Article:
Truth to Tell, By Mavis Cheek
Published 13/08/2010 | 13:57
Robert Porter's self-righteous tirades on the subject of deceitful bankers and politicians are driving his wife, Nina, to distraction.
In a bid to illustrate what a fib-free life might actually look like, Nina determines to spend a week telling the truth.
But as Cheek's high concept farce so winningly points out, honesty isn't always the best policy. Nina's first act of truthfulness cuts to the very heart of her marriage. After years of accompanying her husband on an annual office jolly, Nina declares she's always hated Florida, and this year will be staying at home instead. It's only when it comes to dropping Robert off at Heathrow that her resolve almost cracks: "I wished him to Hell. But mostly I really loved him. Not that he deserved it. I loathed him. I loved him. Well, one or the other."
Back in West London, Nina prepares herself for yet another difficult encounter - a lunch date with best friend, Toni, currently in the throws of a fraught extra-martial affair. Worried that if asked directly, she might have to own up to the fact that she's always found her friend's inamorata "utterly boring", "deeply unattractive", possibly even "creepy". As predicted, her disclosures go down like a lead balloon, and she's left to play with her tagliatelle on her own.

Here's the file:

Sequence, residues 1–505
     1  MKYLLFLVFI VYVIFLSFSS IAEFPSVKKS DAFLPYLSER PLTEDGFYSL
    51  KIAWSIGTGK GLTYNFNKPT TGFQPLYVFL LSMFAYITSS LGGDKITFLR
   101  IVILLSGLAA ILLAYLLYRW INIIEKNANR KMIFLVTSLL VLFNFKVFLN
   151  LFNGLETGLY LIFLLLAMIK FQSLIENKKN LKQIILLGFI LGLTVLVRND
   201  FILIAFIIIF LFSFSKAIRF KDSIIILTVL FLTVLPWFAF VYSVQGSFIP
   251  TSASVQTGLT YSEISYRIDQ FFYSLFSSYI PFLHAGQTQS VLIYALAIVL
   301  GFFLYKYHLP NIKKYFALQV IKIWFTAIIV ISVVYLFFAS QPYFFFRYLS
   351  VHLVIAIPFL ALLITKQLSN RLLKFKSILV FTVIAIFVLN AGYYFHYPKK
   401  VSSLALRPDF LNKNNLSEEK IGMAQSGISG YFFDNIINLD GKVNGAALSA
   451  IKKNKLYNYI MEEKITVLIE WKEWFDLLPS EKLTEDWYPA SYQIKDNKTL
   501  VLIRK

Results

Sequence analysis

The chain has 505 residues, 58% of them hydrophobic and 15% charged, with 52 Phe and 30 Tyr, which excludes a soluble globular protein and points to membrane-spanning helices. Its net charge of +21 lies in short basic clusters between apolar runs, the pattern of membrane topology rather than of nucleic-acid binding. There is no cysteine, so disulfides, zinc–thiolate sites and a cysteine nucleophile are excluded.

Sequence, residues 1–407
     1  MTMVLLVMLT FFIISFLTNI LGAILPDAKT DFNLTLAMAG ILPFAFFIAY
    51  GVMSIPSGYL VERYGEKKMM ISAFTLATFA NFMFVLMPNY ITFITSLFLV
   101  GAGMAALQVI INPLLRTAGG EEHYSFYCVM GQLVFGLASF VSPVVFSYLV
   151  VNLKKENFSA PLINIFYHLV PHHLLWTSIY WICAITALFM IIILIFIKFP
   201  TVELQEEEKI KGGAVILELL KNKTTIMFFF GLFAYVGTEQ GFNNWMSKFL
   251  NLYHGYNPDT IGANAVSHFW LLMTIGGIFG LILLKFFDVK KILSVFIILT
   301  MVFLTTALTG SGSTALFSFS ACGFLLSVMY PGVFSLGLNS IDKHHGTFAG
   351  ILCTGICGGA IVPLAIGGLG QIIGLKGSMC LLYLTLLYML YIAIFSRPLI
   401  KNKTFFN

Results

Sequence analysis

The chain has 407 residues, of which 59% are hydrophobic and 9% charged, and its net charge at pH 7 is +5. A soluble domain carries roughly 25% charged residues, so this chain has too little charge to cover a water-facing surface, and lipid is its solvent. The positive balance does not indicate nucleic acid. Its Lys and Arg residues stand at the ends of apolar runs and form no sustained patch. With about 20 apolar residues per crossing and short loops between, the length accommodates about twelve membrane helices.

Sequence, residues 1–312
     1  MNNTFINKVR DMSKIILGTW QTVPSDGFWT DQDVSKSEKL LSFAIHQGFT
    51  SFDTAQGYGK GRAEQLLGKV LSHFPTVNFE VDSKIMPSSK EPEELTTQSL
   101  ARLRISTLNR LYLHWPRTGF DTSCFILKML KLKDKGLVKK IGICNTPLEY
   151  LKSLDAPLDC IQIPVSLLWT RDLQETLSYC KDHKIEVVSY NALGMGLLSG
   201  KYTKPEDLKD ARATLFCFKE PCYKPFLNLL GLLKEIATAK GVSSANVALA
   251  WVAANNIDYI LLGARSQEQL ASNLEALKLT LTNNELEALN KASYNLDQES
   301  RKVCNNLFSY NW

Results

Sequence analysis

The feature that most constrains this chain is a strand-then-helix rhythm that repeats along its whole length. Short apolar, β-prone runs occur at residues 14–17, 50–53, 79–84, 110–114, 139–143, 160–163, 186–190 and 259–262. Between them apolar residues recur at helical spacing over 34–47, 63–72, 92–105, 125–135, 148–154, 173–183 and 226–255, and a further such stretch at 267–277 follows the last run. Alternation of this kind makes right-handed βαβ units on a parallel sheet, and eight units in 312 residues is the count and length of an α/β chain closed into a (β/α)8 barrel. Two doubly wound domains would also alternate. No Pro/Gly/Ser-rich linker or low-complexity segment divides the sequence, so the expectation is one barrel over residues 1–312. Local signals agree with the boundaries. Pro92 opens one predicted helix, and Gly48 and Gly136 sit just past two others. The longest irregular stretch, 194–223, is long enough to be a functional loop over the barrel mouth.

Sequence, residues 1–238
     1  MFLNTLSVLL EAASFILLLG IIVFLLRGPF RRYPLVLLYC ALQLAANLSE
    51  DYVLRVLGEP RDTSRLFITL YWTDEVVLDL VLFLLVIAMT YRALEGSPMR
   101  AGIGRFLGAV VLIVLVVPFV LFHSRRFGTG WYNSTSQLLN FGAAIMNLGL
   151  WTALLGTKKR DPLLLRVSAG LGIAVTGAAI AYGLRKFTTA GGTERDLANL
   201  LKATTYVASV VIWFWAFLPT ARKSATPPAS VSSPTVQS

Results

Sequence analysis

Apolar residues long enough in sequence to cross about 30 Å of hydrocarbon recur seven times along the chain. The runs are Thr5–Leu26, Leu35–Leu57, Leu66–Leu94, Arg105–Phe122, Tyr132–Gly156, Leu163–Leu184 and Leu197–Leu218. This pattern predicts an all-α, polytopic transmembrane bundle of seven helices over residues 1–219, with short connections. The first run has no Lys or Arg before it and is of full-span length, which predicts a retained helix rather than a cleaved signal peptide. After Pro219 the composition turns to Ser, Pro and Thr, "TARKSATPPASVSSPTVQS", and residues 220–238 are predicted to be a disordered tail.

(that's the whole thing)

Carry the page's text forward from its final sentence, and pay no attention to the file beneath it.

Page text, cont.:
In many regards Cheek's truth-telling conceit proves surplus to requirements. Much like Barbara Pym's "excellent women", Cheek's heroines have long valued honesty over affectation and feminine wiles. Luckily for Nina, there is still one person left in her life who finds her candid comments more amusing than irksome - her boss and confidante, Bruno. Collaborators together on a series of upmarket tourist guides, Bruno insists that Nina stops moping and joins him for some hands-on-research in Venice. Nina's sourjorn in La Serenissisma proves the highlight of the book, creating the perfect setting for the kind of romantic muddles at which Cheek excels. Meandering through a city practiced in the art of illusion and deception, Cheek's historical and literary observations are invisibly knitted into the novel's rich fabric. Finally putting her herself to the test, Nina finds herself approached in the piazza by a distinguished Venentian keen to join her in a pre-prandial Campari and soda. Being true to herself might mean only one thing, while being true to her husband something entirely else. If all fiction is a flirtation with the truth, then Cheek, as ever proves herself an experienced player.